Former Birmingham governor Waseem Yaqub banned from running schools

Former Birmingham governor Waseem Yaqub banned from running schools

A former governor who was banned from his school’s campus for obstructing the work of his replacements has been barred from running schools by Justine Greening.

Waseem Yaqub, the former chair of governors at Birmingham’s Al-Hijrah School, cannot now be a governor of any school, according to a prohibition order issued by the education secretary more than three years after he was first removed from office and barred from entering the school’s premises in Bordesley Green.

He was sacked in 2014 after Ofsted criticised governance at the school and placed it in special measures.

But Birmingham City Council and the school’s interim executive board were subsequently forced to obtain a High Court injunction banning him from the site in June 2014.

The Birmingham Mail reported that the new interim executive board had repeatedly been refused entry to the school against a backdrop of mounting “anxiety” over the school’s deficit, which had reached almost £900,000.

In her decision, Greening said Yaqub’s conduct had been “so inappropriate” that it made him unsuitable to take part in the management of any independent, academy or LA-maintained school.

Justine Greening

The government has also accused him of having “promoted, permitted or failed to challenge” inadequate financial monitoring and decision-making on the part of the governing body.

According to the document issued by the Department for Education, Yaqub engaged in “unlawful conduct” to prevent members of a new interim executive board appointed in June 2014 from performing their lawful functions.

Yaqub continues to refute the original allegations against him, and still believes there is a witch-hunt against him.

He told Schools Week he has “begged” for a face-to-face meeting with the Department for Education officials to plead his case but to no avail.

He also questions the timing of the order, three years after he was sacked, and the nature of the prohibition – he is first and foremost banned from running independent schools. The ban on involvement in running state schools has simply been made by extension.

“It’s over three years ago now. Why now does [Greening] need to ban me?” he told Schools Week.

“It is clearly a witch hunt. I have never been a governor at an independent school and I have no intention of being one in the future.”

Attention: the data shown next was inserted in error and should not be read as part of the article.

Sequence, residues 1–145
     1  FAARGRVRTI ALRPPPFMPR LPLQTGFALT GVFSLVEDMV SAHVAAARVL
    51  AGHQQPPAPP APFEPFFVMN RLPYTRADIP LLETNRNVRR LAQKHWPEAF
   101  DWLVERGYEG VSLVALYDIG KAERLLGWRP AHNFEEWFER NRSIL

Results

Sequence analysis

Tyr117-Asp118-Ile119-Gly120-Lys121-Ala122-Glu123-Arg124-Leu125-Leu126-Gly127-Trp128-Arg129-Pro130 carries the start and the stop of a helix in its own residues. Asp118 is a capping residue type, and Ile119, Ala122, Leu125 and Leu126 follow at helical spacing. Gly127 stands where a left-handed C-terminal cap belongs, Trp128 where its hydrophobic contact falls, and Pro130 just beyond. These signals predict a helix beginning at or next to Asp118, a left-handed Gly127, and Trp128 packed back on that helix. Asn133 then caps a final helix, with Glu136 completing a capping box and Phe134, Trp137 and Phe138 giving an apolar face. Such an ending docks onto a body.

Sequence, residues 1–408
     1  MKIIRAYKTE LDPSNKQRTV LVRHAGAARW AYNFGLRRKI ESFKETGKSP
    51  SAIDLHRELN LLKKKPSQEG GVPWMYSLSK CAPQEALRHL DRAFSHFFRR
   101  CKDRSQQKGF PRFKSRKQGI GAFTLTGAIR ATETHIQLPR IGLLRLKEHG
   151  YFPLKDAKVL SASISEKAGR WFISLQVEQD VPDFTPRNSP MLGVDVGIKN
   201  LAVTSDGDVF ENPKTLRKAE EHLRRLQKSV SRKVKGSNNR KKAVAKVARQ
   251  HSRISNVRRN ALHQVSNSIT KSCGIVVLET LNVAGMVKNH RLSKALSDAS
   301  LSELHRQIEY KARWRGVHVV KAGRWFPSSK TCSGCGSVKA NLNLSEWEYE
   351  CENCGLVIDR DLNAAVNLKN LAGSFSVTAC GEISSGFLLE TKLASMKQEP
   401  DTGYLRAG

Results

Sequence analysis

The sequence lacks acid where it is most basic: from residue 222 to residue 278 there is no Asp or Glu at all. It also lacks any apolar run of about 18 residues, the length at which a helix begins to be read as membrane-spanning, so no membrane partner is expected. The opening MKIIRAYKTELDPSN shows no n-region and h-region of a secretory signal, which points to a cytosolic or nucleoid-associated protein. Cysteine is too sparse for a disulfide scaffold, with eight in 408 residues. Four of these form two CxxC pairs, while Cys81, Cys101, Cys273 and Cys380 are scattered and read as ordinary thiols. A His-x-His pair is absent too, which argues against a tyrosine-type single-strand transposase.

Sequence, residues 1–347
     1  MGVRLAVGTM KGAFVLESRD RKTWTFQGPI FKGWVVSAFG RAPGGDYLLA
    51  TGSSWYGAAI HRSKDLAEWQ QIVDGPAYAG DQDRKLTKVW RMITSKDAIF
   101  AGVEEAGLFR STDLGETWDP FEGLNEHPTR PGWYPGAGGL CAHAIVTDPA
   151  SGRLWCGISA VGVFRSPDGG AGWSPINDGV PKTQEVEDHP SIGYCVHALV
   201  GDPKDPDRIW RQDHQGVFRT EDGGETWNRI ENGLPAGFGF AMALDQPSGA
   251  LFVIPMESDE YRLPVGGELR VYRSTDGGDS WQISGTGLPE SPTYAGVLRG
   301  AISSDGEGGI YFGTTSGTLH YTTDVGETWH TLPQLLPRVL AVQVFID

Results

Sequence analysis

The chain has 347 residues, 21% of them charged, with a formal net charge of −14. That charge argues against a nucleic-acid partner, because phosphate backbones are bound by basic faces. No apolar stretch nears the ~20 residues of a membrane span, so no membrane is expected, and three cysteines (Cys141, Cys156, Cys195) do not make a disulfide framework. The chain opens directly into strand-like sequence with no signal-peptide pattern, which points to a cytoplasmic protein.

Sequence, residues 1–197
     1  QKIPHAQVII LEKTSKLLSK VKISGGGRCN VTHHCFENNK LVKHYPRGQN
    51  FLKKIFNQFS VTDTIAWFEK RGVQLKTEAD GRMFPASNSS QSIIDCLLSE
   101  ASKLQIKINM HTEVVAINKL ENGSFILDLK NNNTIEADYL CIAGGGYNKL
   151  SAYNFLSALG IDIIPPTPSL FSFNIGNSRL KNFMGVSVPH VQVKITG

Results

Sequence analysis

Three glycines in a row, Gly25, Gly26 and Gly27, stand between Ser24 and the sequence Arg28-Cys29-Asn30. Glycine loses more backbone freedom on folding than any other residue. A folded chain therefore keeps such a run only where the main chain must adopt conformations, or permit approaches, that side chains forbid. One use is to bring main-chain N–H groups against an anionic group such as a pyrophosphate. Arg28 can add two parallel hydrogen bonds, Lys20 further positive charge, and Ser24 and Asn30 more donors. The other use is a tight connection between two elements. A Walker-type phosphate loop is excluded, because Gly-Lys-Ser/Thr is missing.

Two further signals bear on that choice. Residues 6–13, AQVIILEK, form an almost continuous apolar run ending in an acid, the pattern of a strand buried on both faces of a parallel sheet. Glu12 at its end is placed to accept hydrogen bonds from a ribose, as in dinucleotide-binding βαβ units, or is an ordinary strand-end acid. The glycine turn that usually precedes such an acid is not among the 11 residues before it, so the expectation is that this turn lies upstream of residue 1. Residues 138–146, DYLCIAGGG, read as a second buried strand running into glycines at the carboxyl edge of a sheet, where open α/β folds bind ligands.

Now Yaqub, who estimates the government has already spent around £200,000 to secure the banning order, has to decide whether he will appeal to a tribunal against the ban.

‘Governance is ineffective’

When they visited Al-Hijrah School in December 2013, Ofsted inspectors found governors were “too heavily involved in the day-to-day running of the school”, and spent “too much time on routine aspects of the school and insufficient time on developing the school’s strategic direction”.

Governors also lacked the ability to offer the school effective strategic direction or challenge, inspectors said.

“Governance is ineffective,” inspectors said, and they “do not hold a shared vision for the school and have not formulated an agreed plan of how they will adopt a supportive, strategic, challenge and monitoring role”.

The report continued: “Governors have not been diligent in ensuring the school’s resources have been managed efficiently or effectively.

“Although most governors are new to their role and have received training in aspects of governance, this has not had sufficient impact and they are not performing well enough to ensure the school’s future success.”

During follow-up inspections, officials noted that Yaqub “believed the school had been targeted as part of a witch hunt” and had an “unrealistic view of the capacity of governance”.

Governors were also accused of spending time and energy refuting previous inspection judgements and Birmingham council’s audit of the school’s finances, which identified a large deficit.

It was also reported that despite the school’s deficit, governors had continued to spend money on projects that did not address key weaknesses.

These included instructing architects to draw up plans for a new building and spending £6,000 on a financial audit to challenge the findings of the local council.

The school remains in special measures following an inspection in March this year.